Two years after the revolution that swept away a 60-year-old autocratic system, Egypt needs a new economic vision based on more inclusive growth and greater social justice. Economic policies before the revolution achieved high growth, but they failed to be inclusive as they left about 45 million Egyptians trapped in lower middle class status living on $2-$4 a day and provided few opportunities for youth who felt economically and socially excluded. Inclusiveness would require a more participatory decision-making process, as well as a shift away from a system of crony capitalism to one that focuses on developing small businesses and on creating more opportunities for young men and women. The government is currently under pressure to adopt measures to stabilize the economy. Articulating a vision for future growth with social justice, and taking steps to implement it, could make such measures more acceptable to the majority of Egyptians.
Taking difficult stabilization measures is necessary because Egypt is facing a macroeconomic crisis. The fiscal deficit is about 12 percent of GDP, the public debt has ballooned to 80 percent of GDP, international reserves barely cover three months of imports and the Egyptian pound is under increasing pressure. As a result investment and growth are down, unemployment is up, prices of basic necessities are rising, and fuel shortages and electricity blackouts are common occurrences. Egyptians are worse off than they were two years ago. They have been patient, and have accepted temporary economic hardship as the price of freedom and democracy. But how long will this patience last?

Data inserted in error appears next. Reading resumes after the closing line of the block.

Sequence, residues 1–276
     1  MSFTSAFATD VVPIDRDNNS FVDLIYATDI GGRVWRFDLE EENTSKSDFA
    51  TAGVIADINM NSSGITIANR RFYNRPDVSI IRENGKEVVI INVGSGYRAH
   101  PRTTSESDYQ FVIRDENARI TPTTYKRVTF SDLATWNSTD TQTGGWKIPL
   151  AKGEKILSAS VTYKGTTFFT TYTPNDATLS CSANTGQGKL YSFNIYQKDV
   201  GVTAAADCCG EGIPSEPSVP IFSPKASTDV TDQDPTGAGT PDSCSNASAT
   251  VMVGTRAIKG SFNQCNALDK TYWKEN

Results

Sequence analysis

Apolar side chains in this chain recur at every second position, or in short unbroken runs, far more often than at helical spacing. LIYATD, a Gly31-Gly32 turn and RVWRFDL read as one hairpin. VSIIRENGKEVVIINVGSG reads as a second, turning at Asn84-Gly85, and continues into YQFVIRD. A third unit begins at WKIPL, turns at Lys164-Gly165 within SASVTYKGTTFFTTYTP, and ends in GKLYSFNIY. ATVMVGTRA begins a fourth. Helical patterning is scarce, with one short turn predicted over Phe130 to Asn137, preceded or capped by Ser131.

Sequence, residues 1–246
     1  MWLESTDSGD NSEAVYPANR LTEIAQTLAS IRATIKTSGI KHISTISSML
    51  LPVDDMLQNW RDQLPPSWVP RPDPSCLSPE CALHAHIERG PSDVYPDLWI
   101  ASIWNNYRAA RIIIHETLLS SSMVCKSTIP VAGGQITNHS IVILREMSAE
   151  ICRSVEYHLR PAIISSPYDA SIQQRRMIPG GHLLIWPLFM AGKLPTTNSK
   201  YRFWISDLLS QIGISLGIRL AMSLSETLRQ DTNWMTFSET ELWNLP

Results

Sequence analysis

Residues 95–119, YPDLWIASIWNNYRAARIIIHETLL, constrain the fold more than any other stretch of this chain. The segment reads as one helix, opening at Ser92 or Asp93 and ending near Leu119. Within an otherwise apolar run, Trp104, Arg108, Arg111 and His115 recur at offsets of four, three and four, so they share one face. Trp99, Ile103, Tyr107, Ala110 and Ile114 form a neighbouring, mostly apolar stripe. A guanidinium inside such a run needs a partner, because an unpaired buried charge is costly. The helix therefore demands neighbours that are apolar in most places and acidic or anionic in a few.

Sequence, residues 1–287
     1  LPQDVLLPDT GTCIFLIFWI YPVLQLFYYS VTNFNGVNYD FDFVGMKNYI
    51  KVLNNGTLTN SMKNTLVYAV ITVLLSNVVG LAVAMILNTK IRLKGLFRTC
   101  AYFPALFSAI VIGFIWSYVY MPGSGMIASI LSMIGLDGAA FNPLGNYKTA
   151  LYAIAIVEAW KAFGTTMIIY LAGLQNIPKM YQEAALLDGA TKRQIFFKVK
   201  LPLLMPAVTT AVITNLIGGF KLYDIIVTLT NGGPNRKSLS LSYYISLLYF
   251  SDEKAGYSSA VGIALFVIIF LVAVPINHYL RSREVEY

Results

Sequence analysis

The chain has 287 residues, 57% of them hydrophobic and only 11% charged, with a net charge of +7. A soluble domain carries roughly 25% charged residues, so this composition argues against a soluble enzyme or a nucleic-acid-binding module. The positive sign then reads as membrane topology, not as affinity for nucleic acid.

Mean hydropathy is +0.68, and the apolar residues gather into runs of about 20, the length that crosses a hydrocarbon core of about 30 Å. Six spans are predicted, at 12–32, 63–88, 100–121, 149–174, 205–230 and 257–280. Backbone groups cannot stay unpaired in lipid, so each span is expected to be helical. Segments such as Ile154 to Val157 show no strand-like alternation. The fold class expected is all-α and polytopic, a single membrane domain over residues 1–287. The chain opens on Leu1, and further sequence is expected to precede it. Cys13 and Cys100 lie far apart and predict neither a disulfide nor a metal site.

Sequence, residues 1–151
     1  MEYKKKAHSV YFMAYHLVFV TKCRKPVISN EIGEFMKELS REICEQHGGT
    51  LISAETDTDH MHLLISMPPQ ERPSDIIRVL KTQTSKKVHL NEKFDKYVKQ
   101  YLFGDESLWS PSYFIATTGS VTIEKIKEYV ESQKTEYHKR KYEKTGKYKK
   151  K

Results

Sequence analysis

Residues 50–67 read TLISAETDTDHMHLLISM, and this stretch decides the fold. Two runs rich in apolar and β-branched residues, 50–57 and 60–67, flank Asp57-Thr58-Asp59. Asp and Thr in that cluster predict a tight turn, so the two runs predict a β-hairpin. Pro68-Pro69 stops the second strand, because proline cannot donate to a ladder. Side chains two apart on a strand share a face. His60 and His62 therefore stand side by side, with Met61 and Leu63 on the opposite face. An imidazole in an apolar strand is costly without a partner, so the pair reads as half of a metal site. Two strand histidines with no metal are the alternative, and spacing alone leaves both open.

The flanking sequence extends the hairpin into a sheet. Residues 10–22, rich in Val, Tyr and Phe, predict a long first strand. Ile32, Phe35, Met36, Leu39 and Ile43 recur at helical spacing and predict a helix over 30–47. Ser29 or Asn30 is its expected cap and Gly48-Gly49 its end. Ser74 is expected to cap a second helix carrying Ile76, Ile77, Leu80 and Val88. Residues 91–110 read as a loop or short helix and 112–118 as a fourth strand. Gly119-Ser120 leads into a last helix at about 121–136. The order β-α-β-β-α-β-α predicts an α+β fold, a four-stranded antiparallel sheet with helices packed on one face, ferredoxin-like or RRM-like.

Dealing with the current crisis will most likely require additional sacrifices. Government will probably have to reduce subsidies and the Egyptian pound may continue to depreciate. Prices of many necessities would rise further, hurting the poor and the middle class. In order to stabilize the economy, and reach an agreement with the International Monetary Fund, the government announced in December 2012 a series of measures to reduce subsidies and increase taxes, but it rescinded them the very next day out of fear of popular unrest at a time of heightened tensions surrounding the adoption of a new constitution. However, difficult macroeconomic decisions cannot be postponed indefinitely, and the government has launched a “societal dialogue” to explain the proposed measures and gain support for them.
Launching a broad dialogue on economic issues is a positive development, but this dialogue needs to be well-organized and institutionalized. Before the revolution Egypt lagged behind the rest of the world on nearly all governance indicators, particularly those related to voice and participation. Therefore, there is a need to develop new mechanisms to broaden participation in economic decision-making. Experiences of Japan, Malaysia and Indonesia indicate the importance of achieving a national consensus on an economic vision for the future, and the policies and programs needed to achieve it. Successful East Asian countries have put in place consultative processes (including different government departments, the private sector and civil society) to agree on national development plans and monitor their execution. A recent Brookings research paper by Kei Sakamoto adapts the experiences of East Asia to Egypt’s situation, and presents a proposal for introducing the concept of “inclusive planning” in Egypt.